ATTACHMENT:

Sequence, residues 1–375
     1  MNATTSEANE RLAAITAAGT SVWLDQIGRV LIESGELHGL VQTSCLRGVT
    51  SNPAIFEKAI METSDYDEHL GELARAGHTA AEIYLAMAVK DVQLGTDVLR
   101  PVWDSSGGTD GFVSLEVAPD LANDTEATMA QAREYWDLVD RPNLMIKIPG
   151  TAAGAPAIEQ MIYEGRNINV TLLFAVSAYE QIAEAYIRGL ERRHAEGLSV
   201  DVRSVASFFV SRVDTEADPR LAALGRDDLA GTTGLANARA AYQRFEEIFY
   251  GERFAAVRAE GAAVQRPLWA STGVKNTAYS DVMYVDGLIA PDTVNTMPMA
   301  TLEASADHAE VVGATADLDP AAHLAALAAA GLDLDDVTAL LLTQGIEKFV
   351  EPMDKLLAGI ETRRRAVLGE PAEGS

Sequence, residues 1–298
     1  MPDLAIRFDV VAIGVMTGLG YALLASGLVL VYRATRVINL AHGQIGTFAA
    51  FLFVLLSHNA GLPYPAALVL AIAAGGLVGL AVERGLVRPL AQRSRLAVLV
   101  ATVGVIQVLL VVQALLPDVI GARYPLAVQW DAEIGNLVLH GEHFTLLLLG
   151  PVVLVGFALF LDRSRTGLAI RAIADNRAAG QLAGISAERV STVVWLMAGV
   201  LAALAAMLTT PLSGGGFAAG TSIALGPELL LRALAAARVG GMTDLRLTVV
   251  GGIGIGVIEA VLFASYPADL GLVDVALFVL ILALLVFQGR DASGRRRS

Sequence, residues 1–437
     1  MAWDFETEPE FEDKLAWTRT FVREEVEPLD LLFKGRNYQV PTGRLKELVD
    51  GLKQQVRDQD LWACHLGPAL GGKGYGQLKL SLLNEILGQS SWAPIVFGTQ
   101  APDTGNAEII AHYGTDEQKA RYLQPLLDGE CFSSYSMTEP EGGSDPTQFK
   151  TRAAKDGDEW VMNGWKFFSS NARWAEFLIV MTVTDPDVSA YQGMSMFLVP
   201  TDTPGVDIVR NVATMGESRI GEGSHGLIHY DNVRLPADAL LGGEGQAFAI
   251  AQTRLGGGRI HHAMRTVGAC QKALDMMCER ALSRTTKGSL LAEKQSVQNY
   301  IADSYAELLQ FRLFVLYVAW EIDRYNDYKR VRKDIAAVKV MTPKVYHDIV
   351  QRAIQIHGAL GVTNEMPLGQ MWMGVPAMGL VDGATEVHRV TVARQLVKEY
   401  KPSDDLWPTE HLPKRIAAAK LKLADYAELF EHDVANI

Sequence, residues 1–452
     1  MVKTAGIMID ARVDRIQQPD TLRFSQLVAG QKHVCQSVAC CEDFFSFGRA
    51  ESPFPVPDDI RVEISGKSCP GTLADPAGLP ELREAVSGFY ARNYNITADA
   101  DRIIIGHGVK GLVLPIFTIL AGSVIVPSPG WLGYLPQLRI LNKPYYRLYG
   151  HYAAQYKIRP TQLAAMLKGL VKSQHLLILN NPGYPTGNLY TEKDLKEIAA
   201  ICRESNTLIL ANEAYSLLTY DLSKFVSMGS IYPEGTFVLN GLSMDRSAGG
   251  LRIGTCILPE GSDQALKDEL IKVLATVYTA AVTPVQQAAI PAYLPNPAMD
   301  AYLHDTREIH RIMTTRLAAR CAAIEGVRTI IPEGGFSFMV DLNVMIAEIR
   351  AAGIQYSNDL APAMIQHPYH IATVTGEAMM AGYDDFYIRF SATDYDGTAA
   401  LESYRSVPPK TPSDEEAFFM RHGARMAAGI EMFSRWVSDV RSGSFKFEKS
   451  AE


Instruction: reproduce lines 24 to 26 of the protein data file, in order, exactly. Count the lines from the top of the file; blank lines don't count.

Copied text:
   301  IADSYAELLQ FRLFVLYVAW EIDRYNDYKR VRKDIAAVKV MTPKVYHDIV
   351  QRAIQIHGAL GVTNEMPLGQ MWMGVPAMGL VDGATEVHRV TVARQLVKEY
   401  KPSDDLWPTE HLPKRIAAAK LKLADYAELF EHDVANI